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43Britain is further described as Roman in the Prosper’s slightly later Contra Collatorem.44The plausibility of this statement might be questioned, but the fact that such a view was possible is significant in itself. Ties with the Continent were clearly ongoing. Britain was not isolated from Continental affairs and continued to have a role in them, even if it was a peripheral one. Germanus’s visits are particularly important for the glimpses they provide into British power structures. Problematically, governing structures are notable predominantly by their absence from the narrative.45The only figures of note are the uir tribuniciae potestatis–‘man of tribunary power’ whose daughter Germanus cures of blindness in his first visit, and Elafius, a regionis illius primus–‘a leading man of the region’ whom Germanus meets on the second visit.46The nature of these figures is not elaborated upon, but their descriptions are such as to suggest no more than local 39First noted by Chadwick, Poetry and Letters, pp. 255-59. Also, Rees, Pelagius, p. 109. 40Barrett, 'Saint Germanus and the British Missions', pp. 206-14. 41Higham, 'Germanus and Fifth-Century Britain', pp. 131-34. 42Charles-Edwards, 'Palladius, Prosper and Leo', pp. 1-10. Also Wood, 'Fall of the Western Empire'. 43Con.VG, 27; with Thompson, Saint Germanus of Auxerre, pp. 28-30. Prosper, by contrast, in his Contra Collatorem, 21, associates this exile with Germanus’s first visit. Discussion: Charles-Edwards, 'Palladius, Prosper and Leo', pp. 7-8; Wood, 'Fall of the Western Empire', pp. 251-52. 44Prosper, Contra Collatorem, 21. The Contra Collatorem can be dated to c.433 as Prosper makes passing reference to it being 20 years since the start of the Pelegian heresy, which he dates to 413 in his Chronicle. 45Thompson, Saint Germanus of Auxerre, pp. 26-27. 46Con.VG, 15, 26-27 respectively.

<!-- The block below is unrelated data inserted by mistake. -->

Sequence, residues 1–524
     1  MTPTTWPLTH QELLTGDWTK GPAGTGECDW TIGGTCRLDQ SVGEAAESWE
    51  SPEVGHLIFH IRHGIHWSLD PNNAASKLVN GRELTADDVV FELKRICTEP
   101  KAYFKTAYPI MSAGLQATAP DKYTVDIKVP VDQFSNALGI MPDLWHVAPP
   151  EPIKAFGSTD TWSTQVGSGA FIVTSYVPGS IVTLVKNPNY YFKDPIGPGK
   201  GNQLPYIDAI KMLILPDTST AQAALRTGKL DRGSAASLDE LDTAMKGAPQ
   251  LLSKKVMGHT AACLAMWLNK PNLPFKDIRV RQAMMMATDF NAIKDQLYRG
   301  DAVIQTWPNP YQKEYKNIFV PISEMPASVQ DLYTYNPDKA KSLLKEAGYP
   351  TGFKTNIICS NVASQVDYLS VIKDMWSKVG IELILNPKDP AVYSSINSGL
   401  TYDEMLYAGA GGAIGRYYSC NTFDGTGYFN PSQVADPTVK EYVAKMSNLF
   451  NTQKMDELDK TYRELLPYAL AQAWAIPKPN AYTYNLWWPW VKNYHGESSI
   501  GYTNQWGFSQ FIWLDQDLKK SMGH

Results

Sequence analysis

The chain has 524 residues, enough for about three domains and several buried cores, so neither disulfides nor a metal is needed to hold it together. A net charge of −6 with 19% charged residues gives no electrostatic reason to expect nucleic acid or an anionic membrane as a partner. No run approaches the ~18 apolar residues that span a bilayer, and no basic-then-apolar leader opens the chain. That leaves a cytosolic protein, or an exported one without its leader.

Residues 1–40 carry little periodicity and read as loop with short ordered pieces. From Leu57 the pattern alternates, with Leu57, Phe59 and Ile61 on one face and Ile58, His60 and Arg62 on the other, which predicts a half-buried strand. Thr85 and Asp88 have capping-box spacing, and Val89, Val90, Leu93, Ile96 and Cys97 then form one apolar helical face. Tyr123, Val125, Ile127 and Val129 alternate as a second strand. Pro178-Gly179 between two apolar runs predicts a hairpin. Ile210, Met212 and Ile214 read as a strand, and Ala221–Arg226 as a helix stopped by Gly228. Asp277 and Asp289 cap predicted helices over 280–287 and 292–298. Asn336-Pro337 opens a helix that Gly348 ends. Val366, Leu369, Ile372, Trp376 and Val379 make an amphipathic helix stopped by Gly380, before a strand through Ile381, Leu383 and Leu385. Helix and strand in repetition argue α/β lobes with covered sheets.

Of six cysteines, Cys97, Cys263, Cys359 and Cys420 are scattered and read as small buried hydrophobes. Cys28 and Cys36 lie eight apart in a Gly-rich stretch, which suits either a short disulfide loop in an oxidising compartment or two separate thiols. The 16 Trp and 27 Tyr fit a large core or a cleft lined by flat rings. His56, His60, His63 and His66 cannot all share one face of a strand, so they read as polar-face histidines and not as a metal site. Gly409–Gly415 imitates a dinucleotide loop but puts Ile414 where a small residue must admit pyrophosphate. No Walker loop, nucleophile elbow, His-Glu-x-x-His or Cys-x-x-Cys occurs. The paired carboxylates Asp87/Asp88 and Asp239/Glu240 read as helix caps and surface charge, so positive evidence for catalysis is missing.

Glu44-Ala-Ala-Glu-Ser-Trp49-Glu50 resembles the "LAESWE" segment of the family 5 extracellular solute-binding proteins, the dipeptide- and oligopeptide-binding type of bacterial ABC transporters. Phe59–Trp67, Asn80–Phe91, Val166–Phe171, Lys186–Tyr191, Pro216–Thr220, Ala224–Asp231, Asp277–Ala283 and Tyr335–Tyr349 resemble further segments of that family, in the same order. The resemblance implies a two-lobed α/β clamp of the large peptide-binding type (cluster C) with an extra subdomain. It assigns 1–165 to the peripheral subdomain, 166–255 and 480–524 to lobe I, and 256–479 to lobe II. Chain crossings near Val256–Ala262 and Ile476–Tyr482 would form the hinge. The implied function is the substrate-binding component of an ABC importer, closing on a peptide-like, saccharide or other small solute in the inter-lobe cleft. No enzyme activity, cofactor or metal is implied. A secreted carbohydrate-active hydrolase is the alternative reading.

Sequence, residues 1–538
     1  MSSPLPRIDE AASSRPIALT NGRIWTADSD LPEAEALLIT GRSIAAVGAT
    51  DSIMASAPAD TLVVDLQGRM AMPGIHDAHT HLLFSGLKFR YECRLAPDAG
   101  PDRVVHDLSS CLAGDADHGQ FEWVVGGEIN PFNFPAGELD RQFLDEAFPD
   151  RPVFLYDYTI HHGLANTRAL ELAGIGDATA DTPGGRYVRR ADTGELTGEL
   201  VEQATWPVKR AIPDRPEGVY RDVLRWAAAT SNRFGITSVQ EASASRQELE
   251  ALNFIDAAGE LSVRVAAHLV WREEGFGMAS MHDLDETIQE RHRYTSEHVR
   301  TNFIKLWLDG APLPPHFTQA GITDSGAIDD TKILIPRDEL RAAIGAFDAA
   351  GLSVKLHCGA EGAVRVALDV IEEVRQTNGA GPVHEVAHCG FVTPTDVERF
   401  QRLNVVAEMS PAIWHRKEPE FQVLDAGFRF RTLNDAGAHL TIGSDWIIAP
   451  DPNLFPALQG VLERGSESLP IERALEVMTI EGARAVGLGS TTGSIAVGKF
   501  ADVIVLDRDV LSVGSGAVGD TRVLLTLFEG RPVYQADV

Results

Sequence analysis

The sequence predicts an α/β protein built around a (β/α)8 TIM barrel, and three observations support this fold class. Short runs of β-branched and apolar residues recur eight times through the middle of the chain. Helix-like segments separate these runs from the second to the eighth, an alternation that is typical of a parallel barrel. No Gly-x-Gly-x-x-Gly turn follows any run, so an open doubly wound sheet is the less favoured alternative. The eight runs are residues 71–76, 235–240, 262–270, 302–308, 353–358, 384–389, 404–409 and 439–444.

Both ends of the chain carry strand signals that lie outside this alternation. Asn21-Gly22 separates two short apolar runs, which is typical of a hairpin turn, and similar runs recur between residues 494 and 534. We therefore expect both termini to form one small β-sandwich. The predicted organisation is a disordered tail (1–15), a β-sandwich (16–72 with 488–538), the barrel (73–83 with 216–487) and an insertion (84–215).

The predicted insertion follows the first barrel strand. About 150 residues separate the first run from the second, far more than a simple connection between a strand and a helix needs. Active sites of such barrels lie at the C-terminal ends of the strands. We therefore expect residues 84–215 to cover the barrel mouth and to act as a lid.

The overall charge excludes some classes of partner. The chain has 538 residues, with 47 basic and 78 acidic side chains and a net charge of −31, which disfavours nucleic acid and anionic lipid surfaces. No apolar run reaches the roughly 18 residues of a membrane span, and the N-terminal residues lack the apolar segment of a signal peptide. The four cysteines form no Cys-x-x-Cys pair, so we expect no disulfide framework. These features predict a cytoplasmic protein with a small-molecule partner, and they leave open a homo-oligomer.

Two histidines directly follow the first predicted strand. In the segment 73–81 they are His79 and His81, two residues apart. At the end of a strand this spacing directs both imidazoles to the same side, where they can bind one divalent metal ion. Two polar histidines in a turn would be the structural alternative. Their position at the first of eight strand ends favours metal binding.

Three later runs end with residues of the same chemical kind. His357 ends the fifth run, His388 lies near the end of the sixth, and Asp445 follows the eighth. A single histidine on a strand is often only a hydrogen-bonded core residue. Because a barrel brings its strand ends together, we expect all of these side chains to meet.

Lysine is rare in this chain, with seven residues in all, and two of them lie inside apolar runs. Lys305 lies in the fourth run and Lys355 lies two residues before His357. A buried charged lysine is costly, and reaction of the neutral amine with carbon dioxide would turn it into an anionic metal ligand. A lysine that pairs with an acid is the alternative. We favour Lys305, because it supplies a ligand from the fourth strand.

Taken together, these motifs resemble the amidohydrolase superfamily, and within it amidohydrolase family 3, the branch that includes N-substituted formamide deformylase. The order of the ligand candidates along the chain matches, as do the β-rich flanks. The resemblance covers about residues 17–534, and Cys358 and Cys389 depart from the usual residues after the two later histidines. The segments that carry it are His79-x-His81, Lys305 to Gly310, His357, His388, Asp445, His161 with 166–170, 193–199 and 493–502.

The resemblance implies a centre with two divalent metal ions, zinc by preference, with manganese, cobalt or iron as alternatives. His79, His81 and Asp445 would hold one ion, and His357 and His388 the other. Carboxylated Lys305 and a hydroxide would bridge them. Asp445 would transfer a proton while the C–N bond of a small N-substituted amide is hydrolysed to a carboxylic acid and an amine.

The Origins of Anglo-Saxon Kingship 113 significance. There were also, presumably, secular authorities able to enforce the exile of the heretics. Some form of authority had also presumably communicated with the Continent leading to Gemanus’s visit in the first place.47Military leaders for both the Pictish and Saxon force and the opposing British force, despite Germanus’s involvement, can also be assumed.48Despite all of this the absence of power structures remains striking. Elsewhere in the Vita GermaniConstantius is most forthcoming concerning Germanus’s interactions with secular authorities.49Instinctively, one feels that secular authorities ought to play a role in the British portions of the narrative also. Presumably such figures would either be Pelagian and therefore needed to be heroically corrected –a feat we might feel that Constantius was sure to report –or they were orthodox and presumably keen to assist Germanus in sorting out their internal heresy problem. One could plead ignorance on Constantius’s part, but the links between Britain and the Continent identified above make this seem unlikely. Political super-structures are simply not apparent in the Vita Germani.